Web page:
Texas Department of Public Safety employees could soon receive recognition and benefits from a new nonprofit group designed to support their efforts in law enforcement.
Texas Department of Public Safety Foundation began about four years ago, when board President Tom Clowe decided the unseen heroes behind the scenes and troopers on the highways needed some support.
“These commissioned police officers — for example, Texas Rangers, highway patrol, criminal investigation division — they’re putting their lives at risk when they apprehend criminals, drug traffickers and those types of individuals. So, they really are at much higher risk,” Clowe said.
Clowe is a Waco resident and a retired businessman who served as the former Texas Public Safety commissioner and is an emeritus member of the board of directors for the Texas Rangers Museum.
The previous Texas DPS Foundation gave out several awards per year to recognize outstanding service, but Clowe wanted to expand that vision.
“It’s been a slow process because we wanted to get everything just right,” he said.
The new foundation will provide scholarships for DPS employees’ families, death or disability benefits for families who have lost an officer or had an officer disabled in the line of duty, lengthy service awards and monuments to those who served.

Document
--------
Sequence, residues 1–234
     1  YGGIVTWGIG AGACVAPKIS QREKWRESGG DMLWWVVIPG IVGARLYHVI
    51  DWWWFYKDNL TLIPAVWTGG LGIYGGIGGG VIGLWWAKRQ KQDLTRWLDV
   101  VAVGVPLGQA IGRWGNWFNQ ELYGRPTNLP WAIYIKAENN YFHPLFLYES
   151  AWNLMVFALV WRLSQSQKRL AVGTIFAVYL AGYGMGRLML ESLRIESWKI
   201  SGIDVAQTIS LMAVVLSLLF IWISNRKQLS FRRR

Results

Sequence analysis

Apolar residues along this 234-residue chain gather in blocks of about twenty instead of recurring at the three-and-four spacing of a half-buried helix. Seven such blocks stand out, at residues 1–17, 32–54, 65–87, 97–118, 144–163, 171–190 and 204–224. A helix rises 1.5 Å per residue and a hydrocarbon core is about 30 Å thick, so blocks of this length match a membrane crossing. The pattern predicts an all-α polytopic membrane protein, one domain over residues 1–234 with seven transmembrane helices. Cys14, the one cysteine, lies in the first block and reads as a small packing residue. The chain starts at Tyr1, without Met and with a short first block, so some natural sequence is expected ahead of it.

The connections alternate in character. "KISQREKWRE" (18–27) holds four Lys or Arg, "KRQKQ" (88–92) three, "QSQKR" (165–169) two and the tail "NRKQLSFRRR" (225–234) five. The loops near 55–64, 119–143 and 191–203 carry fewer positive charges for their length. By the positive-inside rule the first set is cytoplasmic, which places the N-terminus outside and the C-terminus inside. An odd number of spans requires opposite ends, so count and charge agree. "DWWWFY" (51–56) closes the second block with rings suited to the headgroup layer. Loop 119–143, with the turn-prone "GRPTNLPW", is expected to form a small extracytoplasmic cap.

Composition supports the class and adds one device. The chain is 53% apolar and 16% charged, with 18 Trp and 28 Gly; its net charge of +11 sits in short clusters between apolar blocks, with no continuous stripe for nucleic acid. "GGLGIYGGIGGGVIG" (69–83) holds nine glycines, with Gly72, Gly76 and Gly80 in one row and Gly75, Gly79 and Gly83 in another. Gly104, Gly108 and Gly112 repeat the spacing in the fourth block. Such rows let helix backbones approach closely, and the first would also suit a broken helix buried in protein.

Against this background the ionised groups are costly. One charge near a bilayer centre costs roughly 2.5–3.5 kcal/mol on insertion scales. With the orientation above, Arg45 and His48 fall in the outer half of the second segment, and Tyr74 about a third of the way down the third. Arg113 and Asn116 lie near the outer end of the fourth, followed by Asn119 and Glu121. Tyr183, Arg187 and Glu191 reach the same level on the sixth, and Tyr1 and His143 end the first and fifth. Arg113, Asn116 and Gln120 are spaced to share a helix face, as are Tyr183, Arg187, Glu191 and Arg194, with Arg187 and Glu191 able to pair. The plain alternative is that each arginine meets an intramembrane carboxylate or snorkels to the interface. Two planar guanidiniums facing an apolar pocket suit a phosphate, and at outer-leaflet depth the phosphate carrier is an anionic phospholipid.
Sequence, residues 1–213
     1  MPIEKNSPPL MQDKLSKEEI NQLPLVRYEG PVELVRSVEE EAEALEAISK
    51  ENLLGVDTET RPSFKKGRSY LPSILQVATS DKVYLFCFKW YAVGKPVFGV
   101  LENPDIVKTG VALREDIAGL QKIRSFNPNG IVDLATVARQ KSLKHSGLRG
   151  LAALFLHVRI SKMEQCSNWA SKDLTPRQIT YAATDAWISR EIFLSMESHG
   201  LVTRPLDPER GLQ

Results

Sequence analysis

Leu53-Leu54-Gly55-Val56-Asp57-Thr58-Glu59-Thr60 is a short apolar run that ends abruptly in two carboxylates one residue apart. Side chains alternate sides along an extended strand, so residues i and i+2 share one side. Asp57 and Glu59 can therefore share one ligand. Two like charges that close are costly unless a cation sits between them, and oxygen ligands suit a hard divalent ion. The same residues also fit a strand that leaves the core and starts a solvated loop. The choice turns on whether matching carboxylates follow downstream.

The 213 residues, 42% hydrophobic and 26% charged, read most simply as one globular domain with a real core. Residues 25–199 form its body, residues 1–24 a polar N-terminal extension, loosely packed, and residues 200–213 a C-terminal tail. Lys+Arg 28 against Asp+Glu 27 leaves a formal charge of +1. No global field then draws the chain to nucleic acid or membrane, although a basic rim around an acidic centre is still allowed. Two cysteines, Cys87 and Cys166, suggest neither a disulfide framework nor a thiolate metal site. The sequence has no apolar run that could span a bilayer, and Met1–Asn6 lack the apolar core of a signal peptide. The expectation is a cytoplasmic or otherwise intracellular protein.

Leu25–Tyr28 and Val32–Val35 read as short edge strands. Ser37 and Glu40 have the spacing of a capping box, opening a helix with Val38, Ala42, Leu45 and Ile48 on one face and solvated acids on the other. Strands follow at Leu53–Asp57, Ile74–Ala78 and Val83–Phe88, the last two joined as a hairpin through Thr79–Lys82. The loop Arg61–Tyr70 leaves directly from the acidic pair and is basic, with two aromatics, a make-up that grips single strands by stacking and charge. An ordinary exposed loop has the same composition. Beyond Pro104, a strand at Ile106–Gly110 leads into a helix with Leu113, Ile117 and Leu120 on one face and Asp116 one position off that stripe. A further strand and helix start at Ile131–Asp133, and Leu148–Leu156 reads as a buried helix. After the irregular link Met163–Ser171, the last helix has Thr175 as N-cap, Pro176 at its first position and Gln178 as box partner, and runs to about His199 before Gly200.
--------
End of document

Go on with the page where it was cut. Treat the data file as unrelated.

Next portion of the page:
Families will not have to request death benefits. A grant committee will award money based on need, Clowe said.
A 25-member board of directors will meet four times a year to manage the organization with 25 advisory committee members who meet only once a year.
The foundation’s executive director, Emily Christy, said the foundation now administers for the state the Wilson E. Speir Criminal Justice Scholarship Fund, which provides scholarships for those earning criminal justice degrees.
The foundation plans to add additional scholarships for spouses and children of DPS employees, Christy said.
The new scholarships will be given out based on financial need, and families of deceased or officers who were harmed in the line of duty will be given priority, Christy said.
The new scholarships have not been issued yet, but could begin this spring if the board approves.
“It’s important for the board to be supporting the department in any way that we can, and this is something that we’ve done thus far and we look forward to doing more of,” Christy said.
DPS officials thanked the organization’s members for the support.
“The department greatly appreciates the leadership and vision of the foundation and its members who are committed to providing assistance to DPS officers and their families. The foundation’s generous and selfless service will be invaluable to those DPS officers who risk their lives daily,” DPS officials said in a written statement.
DPS has more than 9,000 employees, divided into departments that include law-enforcement officers, Texas Rangers and crime labs.
DPS also provides helicopters for any missing person searches and, of course, issue drivers’ licenses.
“All of these employees are dedicated and outstanding individuals that a foundation can support and benefit with private funding that the Legislature is unable to fund through appropriations,” Clowe said.